The newest of the Mars Rovers, Curiosity, touched down successfully on Mars oat 10:31 p.m. PDT on Sunday, August 5, 2012. About two hours after landing it sent back a high-resolution image of its landing site at the Gale Crater. Wow.
Several years ago I became enthralled with Spirit and Opportunity, the Mars rovers. Their mission was to last a mere 90 days. They outperformed anyone’s wildest expectations. While Spirit finally failed after six years, Opportunity remains. See: Opportunity on Mars—Eight years and counting.
I became enamored with the Mars Rover program after being a guest of power.org at an event they hosted at The Tech Museum in San Jose, CA during a trade show at the convention center. An IMAX film covering the creation and journey to date of the Rovers was shown, and then Steve Squyres, principal investigator of the Mars Exploration Rover (MER) mission, gave attendees his own slide show and take on the project. I was hooked.
I saw that film another three times, taking my children, and friends, who seemed to roll their eyes at my excitement. Squyres’ book, Roving Mars : Spirit, Opportunity, and the Exploration of the Red Planet that delves into the project, and is quite an interesting and informative read. While not a part of the Curiosity team, he has been involved in the NASA Extreme Environment Mission Operations (NEEMO) that studies human survival in the Aquarius underwater laboratory for the past two years—but I digress.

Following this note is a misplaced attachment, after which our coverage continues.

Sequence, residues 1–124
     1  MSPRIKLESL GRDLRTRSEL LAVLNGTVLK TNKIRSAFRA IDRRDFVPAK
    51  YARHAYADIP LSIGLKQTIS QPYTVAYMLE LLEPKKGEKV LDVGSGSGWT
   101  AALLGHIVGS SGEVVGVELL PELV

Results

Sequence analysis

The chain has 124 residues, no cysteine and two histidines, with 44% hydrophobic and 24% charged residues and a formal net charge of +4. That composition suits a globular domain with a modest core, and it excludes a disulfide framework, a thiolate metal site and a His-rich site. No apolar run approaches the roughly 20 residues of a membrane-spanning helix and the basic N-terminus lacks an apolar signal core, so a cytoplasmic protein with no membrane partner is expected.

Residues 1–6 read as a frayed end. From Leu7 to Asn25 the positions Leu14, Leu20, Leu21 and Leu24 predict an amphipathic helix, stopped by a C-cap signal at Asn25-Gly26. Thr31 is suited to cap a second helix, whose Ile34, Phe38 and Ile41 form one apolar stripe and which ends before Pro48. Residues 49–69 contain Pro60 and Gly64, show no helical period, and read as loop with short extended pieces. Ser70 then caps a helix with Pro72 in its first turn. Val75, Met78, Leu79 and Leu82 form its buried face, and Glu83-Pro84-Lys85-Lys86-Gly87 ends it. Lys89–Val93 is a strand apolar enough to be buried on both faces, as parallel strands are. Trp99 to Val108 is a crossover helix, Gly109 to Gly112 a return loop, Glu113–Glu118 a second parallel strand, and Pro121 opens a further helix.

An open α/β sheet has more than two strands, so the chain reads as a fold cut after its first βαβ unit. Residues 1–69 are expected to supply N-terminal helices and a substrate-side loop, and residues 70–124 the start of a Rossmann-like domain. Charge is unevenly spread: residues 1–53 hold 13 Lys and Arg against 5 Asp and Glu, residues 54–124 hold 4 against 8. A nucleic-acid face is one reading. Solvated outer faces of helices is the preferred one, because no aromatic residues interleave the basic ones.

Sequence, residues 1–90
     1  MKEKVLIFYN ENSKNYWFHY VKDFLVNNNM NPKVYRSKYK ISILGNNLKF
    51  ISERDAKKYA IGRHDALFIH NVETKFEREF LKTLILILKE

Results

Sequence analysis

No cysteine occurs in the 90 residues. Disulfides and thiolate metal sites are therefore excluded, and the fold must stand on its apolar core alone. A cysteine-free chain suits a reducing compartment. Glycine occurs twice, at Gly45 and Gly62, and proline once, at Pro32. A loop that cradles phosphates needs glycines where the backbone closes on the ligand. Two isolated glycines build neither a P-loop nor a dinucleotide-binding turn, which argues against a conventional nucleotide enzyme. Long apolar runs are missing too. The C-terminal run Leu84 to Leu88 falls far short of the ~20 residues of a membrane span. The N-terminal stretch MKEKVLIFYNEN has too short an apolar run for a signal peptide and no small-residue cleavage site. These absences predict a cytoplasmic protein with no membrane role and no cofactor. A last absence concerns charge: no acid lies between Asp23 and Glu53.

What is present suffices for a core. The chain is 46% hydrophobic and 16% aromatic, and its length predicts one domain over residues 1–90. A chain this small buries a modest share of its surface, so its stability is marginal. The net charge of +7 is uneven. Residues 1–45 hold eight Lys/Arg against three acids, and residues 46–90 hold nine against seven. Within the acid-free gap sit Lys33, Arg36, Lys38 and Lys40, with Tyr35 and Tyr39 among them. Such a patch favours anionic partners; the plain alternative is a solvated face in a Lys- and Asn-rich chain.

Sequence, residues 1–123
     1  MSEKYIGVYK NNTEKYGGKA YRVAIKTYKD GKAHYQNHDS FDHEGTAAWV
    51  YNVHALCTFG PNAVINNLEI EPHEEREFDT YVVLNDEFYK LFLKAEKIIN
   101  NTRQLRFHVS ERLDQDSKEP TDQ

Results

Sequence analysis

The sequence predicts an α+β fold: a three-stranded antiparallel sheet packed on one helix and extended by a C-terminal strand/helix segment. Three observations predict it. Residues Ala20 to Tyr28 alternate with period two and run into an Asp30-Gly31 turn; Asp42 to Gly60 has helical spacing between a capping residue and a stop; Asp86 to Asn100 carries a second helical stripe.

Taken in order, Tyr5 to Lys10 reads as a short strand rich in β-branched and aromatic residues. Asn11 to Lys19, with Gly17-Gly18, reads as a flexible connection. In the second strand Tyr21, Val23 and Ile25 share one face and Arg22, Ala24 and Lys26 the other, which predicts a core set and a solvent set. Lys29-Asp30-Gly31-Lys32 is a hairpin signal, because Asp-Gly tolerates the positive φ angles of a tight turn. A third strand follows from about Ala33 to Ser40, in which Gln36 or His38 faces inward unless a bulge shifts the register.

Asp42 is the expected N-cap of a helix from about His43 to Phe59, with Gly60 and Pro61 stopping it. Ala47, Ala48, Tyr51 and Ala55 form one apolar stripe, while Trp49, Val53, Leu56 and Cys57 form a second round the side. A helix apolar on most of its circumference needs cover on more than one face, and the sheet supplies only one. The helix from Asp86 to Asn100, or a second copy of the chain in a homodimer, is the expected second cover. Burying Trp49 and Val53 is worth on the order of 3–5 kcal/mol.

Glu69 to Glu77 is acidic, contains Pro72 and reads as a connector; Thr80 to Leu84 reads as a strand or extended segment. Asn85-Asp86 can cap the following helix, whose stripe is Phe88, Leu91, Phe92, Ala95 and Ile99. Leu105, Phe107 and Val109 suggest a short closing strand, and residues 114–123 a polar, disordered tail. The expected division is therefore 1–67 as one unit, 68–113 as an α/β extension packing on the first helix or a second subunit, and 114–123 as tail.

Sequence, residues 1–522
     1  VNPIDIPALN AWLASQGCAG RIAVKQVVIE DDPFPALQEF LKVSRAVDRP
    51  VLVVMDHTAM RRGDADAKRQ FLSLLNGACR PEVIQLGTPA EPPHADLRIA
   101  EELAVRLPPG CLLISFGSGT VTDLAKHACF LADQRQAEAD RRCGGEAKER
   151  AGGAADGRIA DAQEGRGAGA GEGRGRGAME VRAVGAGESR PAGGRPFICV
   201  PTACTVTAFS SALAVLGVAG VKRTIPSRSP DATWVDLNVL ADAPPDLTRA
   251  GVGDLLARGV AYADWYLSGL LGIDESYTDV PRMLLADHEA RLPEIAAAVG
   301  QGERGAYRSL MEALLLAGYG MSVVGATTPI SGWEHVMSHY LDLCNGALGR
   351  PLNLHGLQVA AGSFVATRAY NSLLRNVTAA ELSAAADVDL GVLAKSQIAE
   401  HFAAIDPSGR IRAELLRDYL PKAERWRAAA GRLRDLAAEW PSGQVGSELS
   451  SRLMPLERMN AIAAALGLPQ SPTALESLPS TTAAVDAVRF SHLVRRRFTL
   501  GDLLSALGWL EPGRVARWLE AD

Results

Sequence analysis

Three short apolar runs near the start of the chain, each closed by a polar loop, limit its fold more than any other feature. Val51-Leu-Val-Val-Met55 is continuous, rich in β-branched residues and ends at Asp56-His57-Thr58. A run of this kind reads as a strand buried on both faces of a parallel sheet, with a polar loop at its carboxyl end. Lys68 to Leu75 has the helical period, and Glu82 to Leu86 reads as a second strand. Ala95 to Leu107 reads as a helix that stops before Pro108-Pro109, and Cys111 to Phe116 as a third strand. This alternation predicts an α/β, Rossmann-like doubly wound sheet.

So, unless you’ve been under some rock, you've been following the journey of Curiosity. Its 154 million mile trek started November 26, 2011 at Cape Canaveral. One of the things that amazed me with the first Rover project was the precision required and the small window of opportunity for everything to line up in order to ensure success. Here’s NASA’s site link into the project and some of the early high-resolution photos that Curiosity has already sent out.
I hope that educators have taken every advantage of this and previous programs to ignite a spark of curiosity and wonder in their students by exposing them to this journey. As with Spirit and Opportunity, it’s possible to follow Curiosity. Click here to participate and also to see the 7 Minutes of Terror film covering Curiosity’s landing. The site is loaded with information, games, info for students and educators.
If I had a do over on education/life, two possibilities come to mind. First I’d be a forensic anthropologist, but that’s another blog. A close second would have been to work at the Jet Propulsion Labs in Pasadena in a scientific capacity on the Mars Rover program. Yesterday, I would have given almost anything to be a part of this group.
So, Curiosity, welcome to your home in the Universe. And to all of those who worked on the Mars Rover programs, thanks for the awesome experience.